THE graduation season in the Philippines has begun, giving students an opportunity to celebrate what they have accomplished during school days. While most Filipino families rejoice such milestones in their children’s educational journey as early as pre-school or elementary, the most anticipated occasion is the college graduation. This allows students to finally venture out into the real world, fueled by their ambition and zeal for high-impact professions. Shortly after this season, employers will be in search of graduates who possess right values, such as humility and confidence, and positive attitudes toward gaining valuable experience.
Most colleges and universities in the Philippines follow the traditional mortarboard, hood, and gown during graduation rites. In some schools, the color of the gown corresponds to the school color. As such, color blue represents the Colegio de San Juan de Letran and Ateneo de Manila University, green for Far Eastern University, and red for San Beda College.
In other schools, like the University of Santo Tomas, Spanish academic attires are worn such as the academic biretta and mozetta, owing to the school’s Spanish heritage. The academic colors used also depend on the faculty or college a student belongs to.
Another different graduation garb is the sablay worn by students of the University of the Philippines (UP). The UP sablay was inspired from the malong of Muslim Mindanao, thus giving female students a Filipiniana look. The sablay also features the indigenous baybayin characters for the initials “U” and “P” and during the commencement ceremonies, graduates wear it at their right shoulder. It is then moved to the left shoulder after the president of the university confers their degree. This procedure is similar to the moving of the tassel of the academic cap.
According to Forbes contributor Laura Youngkin, the last batch of millennials, one of the largest generations in history, will graduate from college this year. She said that in 2015, millennials had become the largest generational group in the workforce and many expect those numbers to rise in the coming years. In the same year, Filipino millennials aged 15 to 34 had comprised 53 percent of the country’s working-age population, according to the Philippine Statistics Authority or PSA. Today, millennials continue to take advantage of internet access and smartphone technology as they take on their journey to reach their full potentials.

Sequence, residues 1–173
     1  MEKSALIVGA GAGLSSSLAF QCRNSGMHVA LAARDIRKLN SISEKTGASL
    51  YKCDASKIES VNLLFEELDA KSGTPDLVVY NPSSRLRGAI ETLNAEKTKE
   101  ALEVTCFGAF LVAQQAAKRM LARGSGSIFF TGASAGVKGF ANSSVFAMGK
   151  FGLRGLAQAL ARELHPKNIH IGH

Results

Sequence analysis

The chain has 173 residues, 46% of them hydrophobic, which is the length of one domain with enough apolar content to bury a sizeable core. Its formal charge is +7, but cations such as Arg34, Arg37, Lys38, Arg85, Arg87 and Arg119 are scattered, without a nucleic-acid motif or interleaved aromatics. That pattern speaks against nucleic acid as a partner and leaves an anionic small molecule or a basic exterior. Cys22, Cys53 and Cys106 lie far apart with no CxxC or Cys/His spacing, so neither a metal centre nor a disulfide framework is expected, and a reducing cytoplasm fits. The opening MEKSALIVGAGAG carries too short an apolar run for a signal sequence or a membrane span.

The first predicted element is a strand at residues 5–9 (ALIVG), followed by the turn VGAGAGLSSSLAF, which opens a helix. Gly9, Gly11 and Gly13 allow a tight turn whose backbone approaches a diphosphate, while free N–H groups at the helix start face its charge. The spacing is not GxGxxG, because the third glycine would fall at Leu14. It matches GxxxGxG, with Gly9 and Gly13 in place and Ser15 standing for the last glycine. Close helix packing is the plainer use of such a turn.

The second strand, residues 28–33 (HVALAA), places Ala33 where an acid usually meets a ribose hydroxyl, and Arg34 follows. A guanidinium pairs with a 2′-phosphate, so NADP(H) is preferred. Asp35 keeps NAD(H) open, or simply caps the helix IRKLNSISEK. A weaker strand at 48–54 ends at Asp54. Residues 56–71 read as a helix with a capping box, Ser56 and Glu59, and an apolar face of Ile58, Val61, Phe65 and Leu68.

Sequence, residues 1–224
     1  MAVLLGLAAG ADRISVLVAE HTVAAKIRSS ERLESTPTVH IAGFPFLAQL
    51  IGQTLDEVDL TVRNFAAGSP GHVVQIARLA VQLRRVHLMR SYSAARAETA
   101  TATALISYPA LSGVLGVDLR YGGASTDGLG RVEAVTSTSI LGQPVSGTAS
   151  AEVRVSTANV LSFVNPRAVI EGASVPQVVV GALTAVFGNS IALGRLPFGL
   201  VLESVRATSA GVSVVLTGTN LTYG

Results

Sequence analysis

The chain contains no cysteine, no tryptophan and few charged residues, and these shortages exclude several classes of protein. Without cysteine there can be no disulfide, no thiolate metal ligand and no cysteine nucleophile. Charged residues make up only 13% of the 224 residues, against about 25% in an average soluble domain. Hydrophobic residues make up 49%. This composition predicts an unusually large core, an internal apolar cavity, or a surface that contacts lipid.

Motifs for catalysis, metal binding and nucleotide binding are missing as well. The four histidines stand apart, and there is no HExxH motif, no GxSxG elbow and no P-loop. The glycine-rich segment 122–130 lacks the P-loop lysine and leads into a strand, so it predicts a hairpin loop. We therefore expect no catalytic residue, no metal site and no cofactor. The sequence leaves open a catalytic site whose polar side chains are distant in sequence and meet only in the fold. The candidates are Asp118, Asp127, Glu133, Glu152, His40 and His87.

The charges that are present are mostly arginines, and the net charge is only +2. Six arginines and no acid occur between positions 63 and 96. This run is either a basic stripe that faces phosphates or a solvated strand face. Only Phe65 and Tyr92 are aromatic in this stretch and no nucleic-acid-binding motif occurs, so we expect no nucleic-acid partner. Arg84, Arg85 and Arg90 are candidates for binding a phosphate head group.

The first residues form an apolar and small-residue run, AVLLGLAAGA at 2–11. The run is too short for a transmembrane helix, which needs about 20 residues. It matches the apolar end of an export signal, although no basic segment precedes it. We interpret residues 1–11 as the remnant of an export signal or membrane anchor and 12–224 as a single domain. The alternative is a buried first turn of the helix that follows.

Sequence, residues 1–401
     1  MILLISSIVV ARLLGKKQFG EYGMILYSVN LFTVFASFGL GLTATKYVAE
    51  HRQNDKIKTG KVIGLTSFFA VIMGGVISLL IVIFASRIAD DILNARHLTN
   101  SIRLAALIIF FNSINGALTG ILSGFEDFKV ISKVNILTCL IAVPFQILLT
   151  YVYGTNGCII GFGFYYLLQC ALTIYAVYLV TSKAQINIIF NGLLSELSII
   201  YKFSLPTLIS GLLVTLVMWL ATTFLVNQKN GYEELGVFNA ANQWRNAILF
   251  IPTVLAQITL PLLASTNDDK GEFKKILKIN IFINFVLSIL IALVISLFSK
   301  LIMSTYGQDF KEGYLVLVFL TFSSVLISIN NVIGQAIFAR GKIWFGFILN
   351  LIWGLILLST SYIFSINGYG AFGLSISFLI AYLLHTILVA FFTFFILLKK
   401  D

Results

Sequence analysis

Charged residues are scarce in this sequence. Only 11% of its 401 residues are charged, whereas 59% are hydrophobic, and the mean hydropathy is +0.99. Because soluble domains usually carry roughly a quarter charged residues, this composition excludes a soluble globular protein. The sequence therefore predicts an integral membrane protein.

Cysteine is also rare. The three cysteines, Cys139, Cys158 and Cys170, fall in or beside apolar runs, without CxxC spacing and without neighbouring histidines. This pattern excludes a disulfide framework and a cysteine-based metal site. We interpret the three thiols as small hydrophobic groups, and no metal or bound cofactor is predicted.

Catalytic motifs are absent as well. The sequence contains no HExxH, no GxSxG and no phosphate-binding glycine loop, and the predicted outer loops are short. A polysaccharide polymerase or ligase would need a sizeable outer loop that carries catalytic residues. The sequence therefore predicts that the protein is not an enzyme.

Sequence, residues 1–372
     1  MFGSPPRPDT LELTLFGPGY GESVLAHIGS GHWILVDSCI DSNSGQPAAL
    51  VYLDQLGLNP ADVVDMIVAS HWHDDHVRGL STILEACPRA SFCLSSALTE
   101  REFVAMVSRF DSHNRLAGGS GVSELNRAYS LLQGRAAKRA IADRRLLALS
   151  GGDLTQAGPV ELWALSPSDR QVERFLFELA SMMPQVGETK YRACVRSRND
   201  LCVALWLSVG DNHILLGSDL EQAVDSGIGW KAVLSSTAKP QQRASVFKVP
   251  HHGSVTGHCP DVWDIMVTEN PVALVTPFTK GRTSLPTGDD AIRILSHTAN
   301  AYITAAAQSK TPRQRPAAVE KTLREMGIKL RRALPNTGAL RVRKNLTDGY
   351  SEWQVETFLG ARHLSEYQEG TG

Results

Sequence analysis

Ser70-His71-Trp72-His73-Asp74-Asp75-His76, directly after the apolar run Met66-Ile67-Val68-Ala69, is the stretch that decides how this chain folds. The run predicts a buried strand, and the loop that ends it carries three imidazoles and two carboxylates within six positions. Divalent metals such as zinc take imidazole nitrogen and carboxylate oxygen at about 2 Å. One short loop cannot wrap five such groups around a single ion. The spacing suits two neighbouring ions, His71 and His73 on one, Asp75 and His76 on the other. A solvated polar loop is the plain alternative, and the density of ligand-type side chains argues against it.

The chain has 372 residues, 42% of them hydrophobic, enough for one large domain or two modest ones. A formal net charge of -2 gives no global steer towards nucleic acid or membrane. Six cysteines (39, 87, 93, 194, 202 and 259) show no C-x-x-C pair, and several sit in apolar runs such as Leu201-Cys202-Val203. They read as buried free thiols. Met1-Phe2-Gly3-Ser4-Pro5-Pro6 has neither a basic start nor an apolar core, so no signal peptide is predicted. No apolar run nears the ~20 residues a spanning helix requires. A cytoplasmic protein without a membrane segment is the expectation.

As a typical yearly scenario, millions of students are expected to graduate from high school this year, including the first batch of Senior High School (SHS), who underwent the K to 12 Basic Education Program, a major change in the Philippines educational system that was first implemented in 2011.
According to the Department of Education (DepEd), the program covers Kindergarten and 12 years of basic education. This includes six years of primary education, four years of Junior High School, and two years of SHS. The program was initially implemented to provide sufficient time for “mastery of concepts and skills, develop lifelong learners, and prepare graduates for tertiary education, middle-level skills development, employment, and entrepreneurship,” DepEd said. The department is also confident that the K-12 curriculum is sufficient to prepare the graduates for work.
“In terms of their competencies, they have been trained to be ready for work or higher education,” said DepEd Assistant Secretary Nepo Malaluan.
On the other hand, the Philippine Business for Education (PBEd) recently stated that several companies have expressed interest in accepting or hiring the first batch of SHS graduates. Despite this assurance, however, many of the graduating SHS students are worried about their competitors who have earned degrees in college.
In this light, PBed Executive Director Lovelaine Basillote said that there would be no discrimination between K-12 and college graduates.
“After going through the K-12 system, [and they achieved competency targets, they can apply for work in companies]” she said. Basillote noted that 93 percent of the skills necessary in the service sector are taught to K+12 students.
Meanwhile, 50 Metro Manila-based companies are set to conduct a job fair exclusively for K+12 graduates. These companies are operating in the service industry, such as business process outsourcing (BPO), hospitality tourism, and human resource management.
Sen. Juan Edgardo “Sonny” Angara recently called on the government to ensure that students from poor families will be given subsidy for their tuition and miscellaneous fees, as provided for under the Unified Student Financial Assistance System for Tertiary Education (UniFAST).
RA 10931, with a funding of P40 billion, covers tuition, miscellaneous, and other school fees of students enrolled in 112 state universities and colleges (SUCs); 78 local universities and colleges (LUCs), and all technical-vocational education and training (TVET) programs are registered under the Technical Education and Skills Development Authority (Tesda).
The implementing rules and regulations (IRR) for UniFAST or Republic Act 10931 were released on March 16. Angara, author of the Free College law and the UniFAST law, said the Tertiary Education Subsidy includes an allowance for books, supplies, transportation, room and board, personal computer or laptop, and other education-related personal expenses of indigent students. He added that students included in the Department of Social Welfare and Development’s Listahanan 2.0 will also be prioritized as beneficiaries of the subsidy, which will be managed by the UniFAST Board.